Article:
Morton said Monday, June 19, that the event raised nearly $30,000 to aid the American Cancer Society's research and support programs. She has high hopes for next year's event.
"I want to at least top what we did the year before last" when the event raised about $50,000, she said.
"We need more people," she said. "I'm going to start early this year."
One memorable moment during the event came when her daughter-in-law, Jennifer Rucker of Blue Springs, won the quilt that was raffled off.
"She got me on stage and presented it to me," Morton said.
Two new features of the event -- a quiltathon and an auction -- got off to good starts, she said.
The quiltathon, sponsored by the Country Patchwork Quilt Guild, raised $770 selling quilt blocks, though not enough blocks were sold to finish any one of the four quilts the group started building.
Work on the quilts will continue, she said.
"We will keep plugging along," she said. "We will get them finished one way or another."
The money raised by the quiltathon during the Relay for Life will go to the American Cancer Society, but money raised from now on will go to the Fitzgibbon Hospital's efforts to raise enough money to build a cancer center, according to Lenz.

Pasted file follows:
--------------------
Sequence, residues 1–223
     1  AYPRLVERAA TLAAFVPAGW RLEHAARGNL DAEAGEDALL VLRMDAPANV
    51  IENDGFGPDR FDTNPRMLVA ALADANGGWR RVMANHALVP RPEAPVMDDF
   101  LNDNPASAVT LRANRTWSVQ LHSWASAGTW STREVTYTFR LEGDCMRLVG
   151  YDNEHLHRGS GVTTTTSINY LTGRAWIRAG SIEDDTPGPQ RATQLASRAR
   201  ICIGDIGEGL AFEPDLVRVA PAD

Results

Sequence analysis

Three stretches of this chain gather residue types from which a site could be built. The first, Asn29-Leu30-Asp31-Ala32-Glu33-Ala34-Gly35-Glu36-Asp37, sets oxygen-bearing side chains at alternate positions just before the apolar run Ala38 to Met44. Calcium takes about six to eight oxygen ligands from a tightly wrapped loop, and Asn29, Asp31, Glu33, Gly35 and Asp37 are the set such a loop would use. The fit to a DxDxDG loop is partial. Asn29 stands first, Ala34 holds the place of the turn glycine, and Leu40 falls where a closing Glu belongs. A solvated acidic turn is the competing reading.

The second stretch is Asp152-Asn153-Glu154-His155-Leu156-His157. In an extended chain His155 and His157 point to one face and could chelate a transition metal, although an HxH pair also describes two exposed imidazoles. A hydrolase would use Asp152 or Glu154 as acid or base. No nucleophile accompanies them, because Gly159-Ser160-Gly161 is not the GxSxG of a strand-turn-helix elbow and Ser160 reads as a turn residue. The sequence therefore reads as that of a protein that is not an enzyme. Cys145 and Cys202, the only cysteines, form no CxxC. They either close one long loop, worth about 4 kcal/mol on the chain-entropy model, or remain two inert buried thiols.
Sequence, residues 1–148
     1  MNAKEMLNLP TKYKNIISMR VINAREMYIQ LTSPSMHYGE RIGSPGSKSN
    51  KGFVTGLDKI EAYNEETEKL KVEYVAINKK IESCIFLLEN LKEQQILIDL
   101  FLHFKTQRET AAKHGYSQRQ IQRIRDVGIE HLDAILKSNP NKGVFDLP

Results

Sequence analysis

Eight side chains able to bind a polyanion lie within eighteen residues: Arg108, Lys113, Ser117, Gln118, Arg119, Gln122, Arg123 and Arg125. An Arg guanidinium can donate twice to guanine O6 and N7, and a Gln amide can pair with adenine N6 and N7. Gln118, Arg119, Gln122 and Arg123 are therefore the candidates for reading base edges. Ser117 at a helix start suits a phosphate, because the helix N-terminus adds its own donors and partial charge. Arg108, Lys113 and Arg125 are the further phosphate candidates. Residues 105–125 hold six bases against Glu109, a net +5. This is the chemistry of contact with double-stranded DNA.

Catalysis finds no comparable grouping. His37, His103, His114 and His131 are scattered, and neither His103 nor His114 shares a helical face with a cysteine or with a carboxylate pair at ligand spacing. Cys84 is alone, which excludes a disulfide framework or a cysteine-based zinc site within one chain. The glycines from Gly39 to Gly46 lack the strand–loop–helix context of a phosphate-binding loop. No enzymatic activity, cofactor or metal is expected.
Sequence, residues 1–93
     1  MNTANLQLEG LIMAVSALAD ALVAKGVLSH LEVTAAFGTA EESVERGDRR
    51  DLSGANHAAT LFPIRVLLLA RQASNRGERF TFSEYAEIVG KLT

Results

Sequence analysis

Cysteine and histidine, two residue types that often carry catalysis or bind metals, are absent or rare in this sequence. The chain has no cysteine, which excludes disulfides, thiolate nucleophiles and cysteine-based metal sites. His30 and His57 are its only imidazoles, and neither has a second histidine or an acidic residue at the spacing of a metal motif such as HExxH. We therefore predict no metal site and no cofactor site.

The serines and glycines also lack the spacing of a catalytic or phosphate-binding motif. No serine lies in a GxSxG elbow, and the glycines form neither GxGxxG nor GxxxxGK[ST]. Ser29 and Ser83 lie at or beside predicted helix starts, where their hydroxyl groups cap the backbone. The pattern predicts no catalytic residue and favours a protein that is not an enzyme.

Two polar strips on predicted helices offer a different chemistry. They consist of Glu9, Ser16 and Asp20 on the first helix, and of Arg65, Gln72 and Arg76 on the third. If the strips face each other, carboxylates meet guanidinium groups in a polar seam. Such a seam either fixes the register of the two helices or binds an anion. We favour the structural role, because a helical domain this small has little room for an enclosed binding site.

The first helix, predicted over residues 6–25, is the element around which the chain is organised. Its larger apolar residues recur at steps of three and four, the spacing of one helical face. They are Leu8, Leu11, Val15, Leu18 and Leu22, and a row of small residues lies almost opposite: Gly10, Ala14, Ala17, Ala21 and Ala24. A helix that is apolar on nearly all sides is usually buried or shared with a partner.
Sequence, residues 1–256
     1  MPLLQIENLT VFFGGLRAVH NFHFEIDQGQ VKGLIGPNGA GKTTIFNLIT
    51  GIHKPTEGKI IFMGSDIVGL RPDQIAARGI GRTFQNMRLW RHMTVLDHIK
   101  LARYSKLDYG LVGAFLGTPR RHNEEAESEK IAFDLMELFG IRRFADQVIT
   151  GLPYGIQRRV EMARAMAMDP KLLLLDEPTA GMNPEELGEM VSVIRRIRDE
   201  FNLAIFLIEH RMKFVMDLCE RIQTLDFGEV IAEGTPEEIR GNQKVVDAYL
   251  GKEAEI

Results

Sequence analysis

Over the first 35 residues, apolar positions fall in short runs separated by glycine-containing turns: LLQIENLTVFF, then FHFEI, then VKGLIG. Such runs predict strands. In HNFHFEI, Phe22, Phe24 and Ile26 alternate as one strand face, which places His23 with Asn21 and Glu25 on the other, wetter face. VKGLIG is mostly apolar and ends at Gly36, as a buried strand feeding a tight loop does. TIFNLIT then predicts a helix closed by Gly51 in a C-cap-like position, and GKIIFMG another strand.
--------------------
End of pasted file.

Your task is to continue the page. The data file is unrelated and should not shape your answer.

The auction consisted mostly of items from Morton's gift shop, which she closed recently, but she said several teams contributed items as well. The auction raised nearly $500.
The queen contest was smaller this year, with three contestants compared to 11 last year, but Morton said the event was perhaps even more entertaining.
"They were hilarious," she said. "They each had different personalities."
The relay was cut short because severe weather appeared to be heading toward Marshall, Morton said. The event was scheduled to conclude at 6 a.m. Saturday, June 17, but was stopped at about 1:30 a.m., she said.
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